5. What does the future hold for digital music and its hardware?

We see digital music continuing to make its way into the mainstream. Once people experience the benefits that digital music offers, there is no going back. On the hardware side, hard drives will be everywhere - in your stereo cabinet, in your set-top box, in the car, and of course in portable devices. Manufacturers are going to offer more advanced functionality in sleeker, more elegant user interfaces, presenting powerful features in simple, intuitive ways. Digital media devices will work together in Personal Networks, synching content, playlists, and other data to create a seamless experience.

David Hyman joined Gracenote (formerly CDDB) as its President in May, 2000, and was named CEO in October of 2001. In this role, he is responsible for insuring the execution of corporate revenue, operational and strategic objectives as well as setting the strategic direction for the company in the evolving Internet and music market spaces.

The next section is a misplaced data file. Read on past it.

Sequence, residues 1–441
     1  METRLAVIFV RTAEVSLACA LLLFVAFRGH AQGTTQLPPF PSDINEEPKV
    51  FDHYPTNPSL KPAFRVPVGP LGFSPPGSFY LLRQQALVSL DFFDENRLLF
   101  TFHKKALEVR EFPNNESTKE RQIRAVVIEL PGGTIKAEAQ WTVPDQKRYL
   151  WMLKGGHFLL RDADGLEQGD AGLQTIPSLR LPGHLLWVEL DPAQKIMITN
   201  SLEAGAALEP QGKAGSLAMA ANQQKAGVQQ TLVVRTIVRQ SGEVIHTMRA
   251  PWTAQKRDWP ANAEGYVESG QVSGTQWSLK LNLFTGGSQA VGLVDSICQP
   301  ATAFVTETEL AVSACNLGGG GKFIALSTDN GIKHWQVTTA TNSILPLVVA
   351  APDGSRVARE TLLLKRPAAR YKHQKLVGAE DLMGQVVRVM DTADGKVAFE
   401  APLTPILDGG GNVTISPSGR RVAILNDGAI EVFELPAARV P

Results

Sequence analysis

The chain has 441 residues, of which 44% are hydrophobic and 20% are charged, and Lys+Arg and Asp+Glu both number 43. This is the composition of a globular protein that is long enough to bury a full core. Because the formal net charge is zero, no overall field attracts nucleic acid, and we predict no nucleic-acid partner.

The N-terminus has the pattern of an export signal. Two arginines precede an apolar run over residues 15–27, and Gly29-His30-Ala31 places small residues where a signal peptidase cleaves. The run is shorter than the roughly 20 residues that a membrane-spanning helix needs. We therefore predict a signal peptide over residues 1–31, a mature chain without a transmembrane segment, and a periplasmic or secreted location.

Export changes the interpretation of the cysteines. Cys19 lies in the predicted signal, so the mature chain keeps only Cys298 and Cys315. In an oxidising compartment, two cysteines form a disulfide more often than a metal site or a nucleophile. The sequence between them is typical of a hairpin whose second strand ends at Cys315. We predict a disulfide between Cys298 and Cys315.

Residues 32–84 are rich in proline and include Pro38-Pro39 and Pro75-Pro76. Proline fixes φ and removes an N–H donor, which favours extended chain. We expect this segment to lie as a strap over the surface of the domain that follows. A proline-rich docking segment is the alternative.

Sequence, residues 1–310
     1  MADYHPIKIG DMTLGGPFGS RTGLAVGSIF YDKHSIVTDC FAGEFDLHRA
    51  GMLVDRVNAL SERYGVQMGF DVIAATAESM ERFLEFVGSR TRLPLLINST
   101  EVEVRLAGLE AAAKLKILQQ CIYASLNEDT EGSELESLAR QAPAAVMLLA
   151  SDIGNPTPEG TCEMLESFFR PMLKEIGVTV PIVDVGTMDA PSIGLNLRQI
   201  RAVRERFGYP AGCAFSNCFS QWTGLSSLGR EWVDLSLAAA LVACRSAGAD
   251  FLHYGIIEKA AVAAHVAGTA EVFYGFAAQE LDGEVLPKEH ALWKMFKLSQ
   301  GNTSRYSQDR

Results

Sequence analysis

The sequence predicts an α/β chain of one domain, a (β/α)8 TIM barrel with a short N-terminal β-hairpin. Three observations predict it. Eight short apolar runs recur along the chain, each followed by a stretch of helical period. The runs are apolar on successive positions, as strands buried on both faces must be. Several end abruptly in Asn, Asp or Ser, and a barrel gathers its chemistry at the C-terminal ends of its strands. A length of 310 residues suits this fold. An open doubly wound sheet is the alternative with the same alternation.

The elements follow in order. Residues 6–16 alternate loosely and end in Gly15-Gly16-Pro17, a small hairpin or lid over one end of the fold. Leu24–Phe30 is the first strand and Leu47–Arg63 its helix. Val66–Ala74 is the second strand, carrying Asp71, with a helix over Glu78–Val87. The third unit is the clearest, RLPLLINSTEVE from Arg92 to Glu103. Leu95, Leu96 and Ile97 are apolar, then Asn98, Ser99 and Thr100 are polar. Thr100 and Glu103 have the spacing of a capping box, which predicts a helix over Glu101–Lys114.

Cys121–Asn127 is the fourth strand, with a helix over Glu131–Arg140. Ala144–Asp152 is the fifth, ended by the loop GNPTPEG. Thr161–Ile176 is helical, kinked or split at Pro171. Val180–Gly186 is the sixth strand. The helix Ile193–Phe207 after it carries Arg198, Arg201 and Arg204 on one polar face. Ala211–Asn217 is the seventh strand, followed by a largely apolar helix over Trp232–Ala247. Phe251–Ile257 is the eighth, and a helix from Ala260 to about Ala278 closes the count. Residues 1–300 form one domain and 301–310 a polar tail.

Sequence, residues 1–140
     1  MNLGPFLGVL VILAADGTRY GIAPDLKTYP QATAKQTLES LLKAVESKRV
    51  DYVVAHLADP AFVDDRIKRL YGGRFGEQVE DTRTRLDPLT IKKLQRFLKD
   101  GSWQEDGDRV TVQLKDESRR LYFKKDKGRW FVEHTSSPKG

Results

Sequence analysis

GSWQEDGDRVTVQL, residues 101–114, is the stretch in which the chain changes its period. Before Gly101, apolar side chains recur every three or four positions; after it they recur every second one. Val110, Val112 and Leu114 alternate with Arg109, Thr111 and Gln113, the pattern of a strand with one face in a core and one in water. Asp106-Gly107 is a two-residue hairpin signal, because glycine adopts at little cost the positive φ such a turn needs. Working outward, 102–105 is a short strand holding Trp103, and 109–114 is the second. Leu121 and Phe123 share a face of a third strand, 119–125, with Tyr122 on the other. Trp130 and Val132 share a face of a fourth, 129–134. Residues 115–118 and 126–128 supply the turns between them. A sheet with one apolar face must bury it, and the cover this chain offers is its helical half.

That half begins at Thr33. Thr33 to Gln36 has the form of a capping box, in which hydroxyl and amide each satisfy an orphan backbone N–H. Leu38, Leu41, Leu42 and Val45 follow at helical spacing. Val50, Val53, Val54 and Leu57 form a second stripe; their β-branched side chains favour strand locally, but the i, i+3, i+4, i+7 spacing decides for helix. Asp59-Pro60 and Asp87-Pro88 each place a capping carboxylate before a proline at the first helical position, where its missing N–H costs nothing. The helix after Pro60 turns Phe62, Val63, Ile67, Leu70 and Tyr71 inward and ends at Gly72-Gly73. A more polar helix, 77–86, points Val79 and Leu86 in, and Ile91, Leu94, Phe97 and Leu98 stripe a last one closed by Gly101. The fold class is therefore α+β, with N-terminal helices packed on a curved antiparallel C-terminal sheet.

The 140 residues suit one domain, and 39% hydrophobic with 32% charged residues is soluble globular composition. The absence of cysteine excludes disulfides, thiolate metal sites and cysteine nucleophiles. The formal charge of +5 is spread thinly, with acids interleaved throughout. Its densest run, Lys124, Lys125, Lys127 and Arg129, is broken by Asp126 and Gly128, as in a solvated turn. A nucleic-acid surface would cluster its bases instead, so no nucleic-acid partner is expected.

Prior to joining Gracenote, David served as senior vice president of marketing for MTVi Group, the online venture of MTV, Inc. While at MTVi Group, he was responsible for all online and offline marketing for the Web's largest music destination, MTV.com. Prior to that, as senior VP of sales and marketing for SonicNet.com, David developed some of the Web's first rich-media sponsorships with the biggest names in brand marketing, such as the Gap and Levi's.

Hyman's Internet career began in 1994 at HotWired, Wired magazine's online partner and the Internet's first commercial Web site, where he placed some of the Web's first banner ads. He also developed a method for measuring the effectiveness of online advertising. In 1996, David joined the online music magazine Addicted to Noise, which was ultimately acquired by SonicNet.com.